Education

The state of education in Nigeria is poor. Of the 30 million primary school-aged children in the country, an estimated seven million are not enrolled in school. Of those currently in primary school, less than one in three will attend secondary school. Nigeria has a massive number of out-of-school children and young adults with limited literacy and numeracy skills who have little hope of ever joining the formal workforce.

USAID programs support equitable access to quality basic education through teacher training, support for girls’ learning, infrastructure improvement, and community involvement, focusing on public schools, as well as Islamiyyah schools, which provide both secular and religious education. U.S. assistance also fosters higher education partnerships between American and Nigerian universities, especially those in the north and the volatile Delta regions.

Economic Growth

Nigeria has enjoyed relatively strong economic growth following a series of economic reforms in 2003. Annual agricultural growth rose from 3.5 percent between 1990 and 1999 to nearly 6 percent between 2005 and 2009. Poverty has fallen, but only from 65 percent in 1996 to 60 percent today. Nigeria, once a major food exporter to the West African region, now imports around 15 percent of its basic food requirements. Its agricultural sector is the primary source of livelihood for 70 percent of Nigeria’s people, but the sector is not productive. Only half of Nigeria’s 79 million hectares of fertile land are under cultivation, and over 90 percent of agricultural output comes from farms smaller than five hectares.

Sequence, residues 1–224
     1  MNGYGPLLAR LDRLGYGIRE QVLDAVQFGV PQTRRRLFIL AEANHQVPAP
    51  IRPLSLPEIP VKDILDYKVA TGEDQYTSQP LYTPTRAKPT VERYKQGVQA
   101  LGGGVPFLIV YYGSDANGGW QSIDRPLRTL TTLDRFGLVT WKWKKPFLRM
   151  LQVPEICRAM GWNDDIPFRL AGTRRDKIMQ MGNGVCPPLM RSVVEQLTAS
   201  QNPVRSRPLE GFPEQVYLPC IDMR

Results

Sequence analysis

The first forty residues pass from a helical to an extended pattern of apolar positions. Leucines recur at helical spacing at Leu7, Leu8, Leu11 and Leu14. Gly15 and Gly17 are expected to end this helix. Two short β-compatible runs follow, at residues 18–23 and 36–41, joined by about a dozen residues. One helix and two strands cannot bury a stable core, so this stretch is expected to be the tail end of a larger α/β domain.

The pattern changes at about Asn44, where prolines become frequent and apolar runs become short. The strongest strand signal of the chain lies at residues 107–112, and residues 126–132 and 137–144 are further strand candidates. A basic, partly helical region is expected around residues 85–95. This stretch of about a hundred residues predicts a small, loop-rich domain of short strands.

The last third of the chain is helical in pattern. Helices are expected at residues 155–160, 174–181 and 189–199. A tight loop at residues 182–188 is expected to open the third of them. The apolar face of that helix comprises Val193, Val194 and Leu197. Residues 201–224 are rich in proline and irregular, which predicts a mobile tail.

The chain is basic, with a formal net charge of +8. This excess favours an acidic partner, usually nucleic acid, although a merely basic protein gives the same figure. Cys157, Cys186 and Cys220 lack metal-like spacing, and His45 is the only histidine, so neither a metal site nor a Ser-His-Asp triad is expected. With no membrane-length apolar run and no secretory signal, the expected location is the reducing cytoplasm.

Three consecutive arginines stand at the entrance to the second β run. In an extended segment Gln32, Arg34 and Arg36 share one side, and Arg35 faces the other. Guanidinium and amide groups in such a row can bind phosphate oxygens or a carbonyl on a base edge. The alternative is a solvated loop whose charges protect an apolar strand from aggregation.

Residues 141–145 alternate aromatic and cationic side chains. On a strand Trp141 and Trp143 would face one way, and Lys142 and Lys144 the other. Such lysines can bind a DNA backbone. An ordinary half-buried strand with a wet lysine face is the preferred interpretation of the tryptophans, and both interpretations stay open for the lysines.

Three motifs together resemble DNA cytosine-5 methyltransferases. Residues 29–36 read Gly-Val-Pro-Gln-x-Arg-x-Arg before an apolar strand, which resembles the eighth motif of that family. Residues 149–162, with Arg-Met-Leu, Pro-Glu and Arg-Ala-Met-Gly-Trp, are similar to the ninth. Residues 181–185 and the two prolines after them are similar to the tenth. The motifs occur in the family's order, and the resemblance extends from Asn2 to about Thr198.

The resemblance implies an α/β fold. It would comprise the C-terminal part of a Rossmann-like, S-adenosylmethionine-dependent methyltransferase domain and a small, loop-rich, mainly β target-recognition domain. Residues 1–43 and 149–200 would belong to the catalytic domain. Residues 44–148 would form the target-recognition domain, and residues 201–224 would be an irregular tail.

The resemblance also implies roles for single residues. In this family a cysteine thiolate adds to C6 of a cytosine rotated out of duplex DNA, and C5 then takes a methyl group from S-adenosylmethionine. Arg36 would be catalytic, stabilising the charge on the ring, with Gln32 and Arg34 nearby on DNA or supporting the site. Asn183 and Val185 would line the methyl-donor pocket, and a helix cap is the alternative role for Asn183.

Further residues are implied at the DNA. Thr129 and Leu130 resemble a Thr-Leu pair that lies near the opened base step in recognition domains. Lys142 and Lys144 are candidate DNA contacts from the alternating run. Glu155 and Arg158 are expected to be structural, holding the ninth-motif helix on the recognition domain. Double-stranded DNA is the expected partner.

USAID programs are accelerating the uptake of proven agricultural production, processing, and marketing technologies and stimulating job creation through agribusiness enterprises. USAID is also helping to develop a policy environment for micro, small, and medium-sized enterprises, and expand access to market-driven vocational and technical training linked with private sector employment opportunities. Customs regulations and policy reform will encourage internal and external trade, and the incentives offered by the U.S. African Growth and Opportunity Act develops private sector capacity to meet international trade and export standards.

USAID Eases Hardships of Haiti’s Earthquake Survivors

After the January 12 earthquake in Haiti, an estimated 1.5 million people were displaced from their homes. Approximately 100,000 earthquake survivors fled Port-au-Prince to Haiti’s Central Plateau.

While the area was one of the country’s poorest regions even before the earthquake, it’s seen an influx of survivors who’ve come to live with family and friends, straining already limited resources.

To ease the hardships in the Central Plateau, USAID partner Mercy Corps is providing immediate financial assistance through cash-for-work programs for both the displaced earthquake survivors and the families who took them in.

With USAID/OFDA support, Mercy Corps is providing livelihood opportunities to 2,000 people per week in the Central Plateau. An additional 20,000 people are on track to benefit from the cash-for-work program.

These projects give a member of each household 30 days of employment on a community-selected project geared at improving infrastructure or agricultural production, such as rehabilitating roads, farmland or irrigation systems. Some have used their salary and tools from the programs to start more sustainable small businesses.

Under USAID’s Food Security Program in Haiti, Mercy Corps will also provide food vouchers to 100,000 in the Central Plateau and Lower Artibonite region. This new initiative provides grants, cash or vouchers to buy desperately needed food.

In the town of Mirebalais, Mercy Corps employs Haitians to clear debris from canals and other public spaces to mitigate flooding during hurricane season. Watch a video on this important program.

View photos of Mercy Corps’ work in Mirebalais on Facebook and Flickr.

Building Business Opportunities in Haiti

Submitted by Paul Weisenfeld

USAID's Haiti Task Team Coordinator Paul Weisenfeld discussed opportunities for minority business owners to get involved in Haiti's reconstruction effort. Photo Credit: Ben Edwards